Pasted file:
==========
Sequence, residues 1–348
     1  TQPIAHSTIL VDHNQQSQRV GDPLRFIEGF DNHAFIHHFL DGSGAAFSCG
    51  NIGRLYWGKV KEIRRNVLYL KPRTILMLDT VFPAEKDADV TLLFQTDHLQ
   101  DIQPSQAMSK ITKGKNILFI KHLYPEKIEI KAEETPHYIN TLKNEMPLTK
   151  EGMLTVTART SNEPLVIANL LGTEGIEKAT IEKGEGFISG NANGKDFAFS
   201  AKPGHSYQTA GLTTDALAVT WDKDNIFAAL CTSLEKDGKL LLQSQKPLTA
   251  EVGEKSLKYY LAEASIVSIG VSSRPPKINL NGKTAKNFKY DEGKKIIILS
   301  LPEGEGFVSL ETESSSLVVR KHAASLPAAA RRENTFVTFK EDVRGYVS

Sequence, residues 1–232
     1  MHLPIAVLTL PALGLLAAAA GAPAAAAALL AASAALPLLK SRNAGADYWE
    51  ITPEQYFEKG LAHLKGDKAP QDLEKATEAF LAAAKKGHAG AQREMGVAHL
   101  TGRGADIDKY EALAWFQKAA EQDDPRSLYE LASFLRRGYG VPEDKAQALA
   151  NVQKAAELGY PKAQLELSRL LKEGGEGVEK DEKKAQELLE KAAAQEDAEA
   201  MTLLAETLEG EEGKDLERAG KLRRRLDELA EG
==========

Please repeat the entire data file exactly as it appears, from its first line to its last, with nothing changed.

Sequence, residues 1–348
     1  TQPIAHSTIL VDHNQQSQRV GDPLRFIEGF DNHAFIHHFL DGSGAAFSCG
    51  NIGRLYWGKV KEIRRNVLYL KPRTILMLDT VFPAEKDADV TLLFQTDHLQ
   101  DIQPSQAMSK ITKGKNILFI KHLYPEKIEI KAEETPHYIN TLKNEMPLTK
   151  EGMLTVTART SNEPLVIANL LGTEGIEKAT IEKGEGFISG NANGKDFAFS
   201  AKPGHSYQTA GLTTDALAVT WDKDNIFAAL CTSLEKDGKL LLQSQKPLTA
   251  EVGEKSLKYY LAEASIVSIG VSSRPPKINL NGKTAKNFKY DEGKKIIILS
   301  LPEGEGFVSL ETESSSLVVR KHAASLPAAA RRENTFVTFK EDVRGYVS

Sequence, residues 1–232
     1  MHLPIAVLTL PALGLLAAAA GAPAAAAALL AASAALPLLK SRNAGADYWE
    51  ITPEQYFEKG LAHLKGDKAP QDLEKATEAF LAAAKKGHAG AQREMGVAHL
   101  TGRGADIDKY EALAWFQKAA EQDDPRSLYE LASFLRRGYG VPEDKAQALA
   151  NVQKAAELGY PKAQLELSRL LKEGGEGVEK DEKKAQELLE KAAAQEDAEA
   201  MTLLAETLEG EEGKDLERAG KLRRRLDELA EG